- a group of things placed, thrown, or lying one on another; pile: a heap of stones.
- Informal. a great quantity or number; multitude: a heap of people.
- Slang. an automobile, especially a dilapidated one.
verb (used with object)
- to gather, put, or cast in a heap; pile (often followed by up, on, together, etc.).
- to accumulate or amass (often followed by up or together): to heap up riches.
- to give, assign, or bestow in great quantity; load (often followed by on or upon): to heap blessings upon someone; to heap someone with work.
- to load, supply, or fill abundantly: to heap a plate with food.
verb (used without object)
- to become heaped or piled, as sand or snow; rise in a heap or heaps (often followed by up).
- all of a heap, Informal.
- overwhelmed with astonishment; amazed: We were struck all of a heap upon hearing of their divorce.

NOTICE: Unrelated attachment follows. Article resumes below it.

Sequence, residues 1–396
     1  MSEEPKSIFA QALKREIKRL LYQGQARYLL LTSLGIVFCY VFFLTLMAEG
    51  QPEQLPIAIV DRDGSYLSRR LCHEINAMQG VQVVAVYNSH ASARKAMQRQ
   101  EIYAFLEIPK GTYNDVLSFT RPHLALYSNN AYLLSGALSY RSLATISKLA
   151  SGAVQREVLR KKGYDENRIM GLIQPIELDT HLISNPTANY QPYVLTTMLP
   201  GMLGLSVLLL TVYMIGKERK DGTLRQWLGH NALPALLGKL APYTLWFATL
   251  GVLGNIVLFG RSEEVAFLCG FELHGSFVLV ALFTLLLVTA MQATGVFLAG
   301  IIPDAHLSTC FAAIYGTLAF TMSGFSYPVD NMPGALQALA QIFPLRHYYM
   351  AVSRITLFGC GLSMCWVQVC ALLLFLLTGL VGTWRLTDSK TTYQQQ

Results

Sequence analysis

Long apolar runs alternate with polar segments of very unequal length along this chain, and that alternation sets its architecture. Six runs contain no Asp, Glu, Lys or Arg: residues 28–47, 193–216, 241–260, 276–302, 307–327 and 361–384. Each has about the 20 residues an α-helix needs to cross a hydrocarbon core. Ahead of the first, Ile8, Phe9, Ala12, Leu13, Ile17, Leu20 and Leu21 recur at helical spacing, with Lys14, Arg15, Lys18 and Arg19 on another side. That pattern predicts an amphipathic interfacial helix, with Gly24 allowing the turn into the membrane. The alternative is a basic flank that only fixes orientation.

- suddenly; abruptly: All of a heap the room was empty.
- a collection of articles or mass of material gathered together in one place
- (often plural usually foll by of) informal a large number or quantity
- give them heaps Australian slang to contend strenuously with an opposing sporting team
- give it heaps NZ slang to try very hard
- informal a place or thing that is very old, untidy, unreliable, etcthe car was a heap
- heaps (intensifier)he said he was feeling heaps better
- (often foll by up or together) to collect or be collected into or as if into a heap or pileto heap up wealth
- (tr; often foll by with, on, or upon) to load or supply (with) abundantlyto heap with riches
Old English heapian “collect, heap up, bring together;” from heap (n.). Related: Heaped; heaping. Cf. Old High German houfon “to heap.”
Old English heap “pile, great number, multitude” (of things or persons), from West Germanic *haupaz (cf. Old Saxon hop, Old Frisian hap, Middle Low German hupe, Dutch hoop, German Haufe “heap”), perhaps related to Old English heah “high.” Slang meaning “old car” is attested from 1924. As a characteristic word in American Indian English speech, “a lot, a great deal,” by 1832.